(Lesson 001, A Course in Miracles,
These are difficult initial words. I suspect there's a long walk to be taken with such notions.

We agree on acceptance. Here's what is written online re acceptance and AA:
Acceptance was an idea in a personal story introduced in the 3rd edition and stories are not included here. It was not part of the original book.
See page 449 in the 3rd edition or page 417 in the 4th edition [of the Big Book].

It says in part:
And acceptance is the answer to all my problems
today. When I am disturbed, it is because I find some
person, place, thing, or situation—some fact of my life
—unacceptable to me, and I can find no serenity until
I accept that person, place, thing, or situation as being
exactly the way it is supposed to be at this moment.
Nothing, absolutely nothing, happens in God’s world
by mistake.
Another long walk.

Fresh coffee is made. Solitude refreshed. The world goes the way it goes. From behind this window voices from elsewhere. Still, I am alone.

I am meaningless.

I am neither true nor false.

"Life," says Dogen Zenji, "is one continuous mistake."

Hence, the continuing conversation. Even in solitude.

Sunday, September 20, 2009

Rokie's been out, had a milkbone, and dozes on kitchen bed. It's 39 degrees. Sun is coming through windows over sink but not yet on barn wall.
It's by far the hardest thing I've ever done
To be so in love with you and so alone

(intro to Follow Me, song by John Denver)
Maybe I was thinking about Mary Travers. The Denver lyrics could have been written by a contemplative hermit dwelling in solitude and ecstatic about the paradox of complete presence with no ego to sort it into distance and dichotomy.

She says, ``I am content when wakened birds,
Before they fly, test the reality
Of misty fields, by their sweet questionings;
But when the birds are gone, and their warm fields
Return no more, where, then, is paradise?''
There is not any haunt of prophecy,
Nor any old chimera of the grave,
Neither the golden underground, nor isle
Melodious, where spirits gat them home,
Nor visionary south, nor cloudy palm
Remote on heaven's hill, that has endured
As April's green endures; or will endure
Like her remembrance of awakened birds,
Or her desire for June and evenings, tipped
By the consummation of the swallow's wings.


She says, ``But in contentment I still feel
The need of some imperishable bliss.''
Death is the mother of beauty; hence from her,
Alone, shall come fulfilment to our dreams
And our desires. Although she strews the leaves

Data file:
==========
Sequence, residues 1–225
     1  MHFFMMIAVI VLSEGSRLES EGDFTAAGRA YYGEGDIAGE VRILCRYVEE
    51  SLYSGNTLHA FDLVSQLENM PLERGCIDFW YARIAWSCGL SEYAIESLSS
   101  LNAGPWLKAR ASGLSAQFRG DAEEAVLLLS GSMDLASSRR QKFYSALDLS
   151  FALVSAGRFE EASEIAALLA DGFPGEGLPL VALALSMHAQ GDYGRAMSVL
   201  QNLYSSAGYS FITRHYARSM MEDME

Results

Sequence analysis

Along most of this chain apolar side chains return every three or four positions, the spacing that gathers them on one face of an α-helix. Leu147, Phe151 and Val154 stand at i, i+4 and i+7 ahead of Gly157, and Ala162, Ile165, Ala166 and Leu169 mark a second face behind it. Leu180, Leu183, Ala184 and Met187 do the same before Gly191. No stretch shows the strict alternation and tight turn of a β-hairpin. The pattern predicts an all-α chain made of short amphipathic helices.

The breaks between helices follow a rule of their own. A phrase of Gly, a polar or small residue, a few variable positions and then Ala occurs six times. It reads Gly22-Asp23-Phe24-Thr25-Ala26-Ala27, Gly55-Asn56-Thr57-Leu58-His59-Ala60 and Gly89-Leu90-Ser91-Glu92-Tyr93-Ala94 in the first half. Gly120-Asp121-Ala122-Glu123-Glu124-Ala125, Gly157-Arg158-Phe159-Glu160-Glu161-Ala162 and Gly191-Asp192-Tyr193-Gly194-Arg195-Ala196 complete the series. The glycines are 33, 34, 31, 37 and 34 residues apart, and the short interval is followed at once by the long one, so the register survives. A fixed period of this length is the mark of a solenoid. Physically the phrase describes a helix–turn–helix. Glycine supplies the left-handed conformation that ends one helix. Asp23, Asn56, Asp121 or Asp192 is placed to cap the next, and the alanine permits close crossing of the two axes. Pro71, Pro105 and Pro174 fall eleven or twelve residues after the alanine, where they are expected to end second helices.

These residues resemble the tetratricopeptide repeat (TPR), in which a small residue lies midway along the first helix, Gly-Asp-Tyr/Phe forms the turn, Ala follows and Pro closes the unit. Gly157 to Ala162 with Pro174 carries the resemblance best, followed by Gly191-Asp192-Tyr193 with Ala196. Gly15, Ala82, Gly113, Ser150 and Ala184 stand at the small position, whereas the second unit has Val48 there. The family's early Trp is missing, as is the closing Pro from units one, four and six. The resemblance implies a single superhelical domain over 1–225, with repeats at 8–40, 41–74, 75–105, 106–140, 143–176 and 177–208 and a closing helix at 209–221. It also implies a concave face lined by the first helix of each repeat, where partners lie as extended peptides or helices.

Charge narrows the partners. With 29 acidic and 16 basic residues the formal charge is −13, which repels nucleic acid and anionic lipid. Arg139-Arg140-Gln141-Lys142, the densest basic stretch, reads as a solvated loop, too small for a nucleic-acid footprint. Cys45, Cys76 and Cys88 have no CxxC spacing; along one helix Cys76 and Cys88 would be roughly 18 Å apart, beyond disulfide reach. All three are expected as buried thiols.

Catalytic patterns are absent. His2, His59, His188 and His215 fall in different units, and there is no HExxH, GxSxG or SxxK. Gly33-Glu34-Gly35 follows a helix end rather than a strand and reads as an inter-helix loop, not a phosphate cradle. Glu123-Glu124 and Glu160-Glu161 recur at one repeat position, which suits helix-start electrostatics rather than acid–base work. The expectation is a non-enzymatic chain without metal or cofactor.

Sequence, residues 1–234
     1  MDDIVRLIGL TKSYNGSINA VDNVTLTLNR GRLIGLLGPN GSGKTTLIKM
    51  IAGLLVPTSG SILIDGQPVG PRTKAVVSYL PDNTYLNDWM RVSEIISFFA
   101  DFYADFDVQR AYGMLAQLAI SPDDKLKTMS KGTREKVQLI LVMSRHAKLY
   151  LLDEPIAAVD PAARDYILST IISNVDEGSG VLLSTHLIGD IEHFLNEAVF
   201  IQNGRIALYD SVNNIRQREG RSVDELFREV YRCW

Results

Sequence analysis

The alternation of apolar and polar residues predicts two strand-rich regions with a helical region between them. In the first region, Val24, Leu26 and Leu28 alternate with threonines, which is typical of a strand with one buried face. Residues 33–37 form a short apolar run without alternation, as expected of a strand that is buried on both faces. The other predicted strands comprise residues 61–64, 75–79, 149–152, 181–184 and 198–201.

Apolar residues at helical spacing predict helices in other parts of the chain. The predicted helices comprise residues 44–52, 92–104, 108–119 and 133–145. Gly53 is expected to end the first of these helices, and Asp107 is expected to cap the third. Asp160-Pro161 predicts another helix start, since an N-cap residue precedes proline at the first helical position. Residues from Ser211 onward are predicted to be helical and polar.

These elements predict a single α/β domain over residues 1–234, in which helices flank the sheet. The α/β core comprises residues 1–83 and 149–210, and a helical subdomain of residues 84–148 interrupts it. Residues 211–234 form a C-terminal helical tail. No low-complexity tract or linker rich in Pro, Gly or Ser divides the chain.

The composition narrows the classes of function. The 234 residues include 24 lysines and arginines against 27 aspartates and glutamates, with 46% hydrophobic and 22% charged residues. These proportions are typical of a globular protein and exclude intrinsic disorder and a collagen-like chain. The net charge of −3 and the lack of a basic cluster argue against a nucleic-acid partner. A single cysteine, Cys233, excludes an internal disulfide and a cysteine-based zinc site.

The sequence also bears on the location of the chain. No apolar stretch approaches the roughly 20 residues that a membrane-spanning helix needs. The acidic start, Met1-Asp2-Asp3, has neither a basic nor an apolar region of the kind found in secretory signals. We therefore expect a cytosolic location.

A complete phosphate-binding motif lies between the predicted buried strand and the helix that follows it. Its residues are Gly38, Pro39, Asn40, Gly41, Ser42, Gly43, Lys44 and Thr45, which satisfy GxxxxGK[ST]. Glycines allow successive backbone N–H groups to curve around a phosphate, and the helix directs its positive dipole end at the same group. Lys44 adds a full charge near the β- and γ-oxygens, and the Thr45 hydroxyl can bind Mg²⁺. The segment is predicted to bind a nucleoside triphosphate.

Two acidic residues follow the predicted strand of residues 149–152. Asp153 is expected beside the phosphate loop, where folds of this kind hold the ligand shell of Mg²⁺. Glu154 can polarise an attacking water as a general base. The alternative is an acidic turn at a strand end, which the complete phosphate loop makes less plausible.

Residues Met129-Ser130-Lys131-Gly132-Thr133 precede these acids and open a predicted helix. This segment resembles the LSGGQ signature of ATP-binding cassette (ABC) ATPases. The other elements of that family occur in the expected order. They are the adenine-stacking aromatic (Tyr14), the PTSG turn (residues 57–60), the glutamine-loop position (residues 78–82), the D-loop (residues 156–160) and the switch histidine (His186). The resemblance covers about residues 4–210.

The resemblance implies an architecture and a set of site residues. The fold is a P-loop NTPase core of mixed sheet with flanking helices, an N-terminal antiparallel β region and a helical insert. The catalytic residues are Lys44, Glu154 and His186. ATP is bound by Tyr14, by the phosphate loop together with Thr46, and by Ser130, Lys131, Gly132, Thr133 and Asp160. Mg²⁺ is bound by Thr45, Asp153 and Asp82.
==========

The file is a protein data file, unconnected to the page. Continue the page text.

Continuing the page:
Of sure obliteration on our paths,
The path sick sorrow took, the many paths
Where triumph rang its brassy phrase, or love
Whispered a little out of tenderness,
She makes the willow shiver in the sun
For maidens who were wont to sit and gaze
Upon the grass, relinquished to their feet.
She causes boys to pile new plums and pears
On disregarded plate. The maidens taste
And stray impassioned in the littering leaves.

(--from poem, Sunday Morning, by Wallace Stevens)
First coffee as Chickadee jabbers to green feeder above Yew bush. From Snow Bowl horn toots play from rescue vehicle, no emergency. There will be chairlift rides today from 9 to 3. I can barely lift my elbow -- pain lingers from pounding spikes into planks while framing floor joists with light hammer.

For me and my house, I hope the memorial service will be a happy religious event. I want people to sing hymns, and I hope friends will recall some happy moments. If they don’t, much of my life will have been wasted. The service shouldn’t go on too long, as refreshments will be served afterwards. A memorial service reminds us that, at death, we leave behind all that we have but celebrate all that we are. Without defining what a really good life is, at least we can say it is one so full that even the funeral director is sorry to see us go.

What is said at a funeral should be reasonably honest. Grief has a way of clouding our memories, and some services leave the impression that mean and useless people never die. This much is true: Perfect people never die, and when we gather to remember someone, telling the truth helps the healing. Once I heard a daughter, while speaking at her father’s memorial service, say this: “He was often hard to live with and, at times, a real grouch. But he was my Dad, and I loved him.”

When I go, if someone remembers me as patient, a case of mistaken identity has occurred. I pray, but no one who knows me would confuse me with St. Francis of Assisi.

Being remembered as we really were and still loved frees mourners from vague feelings of guilt. God’s Grace is what allows us to celebrate the lives of people who die, not our ranking in Who’s Who or a listing in the most recent volume of The Best People Who Ever Lived.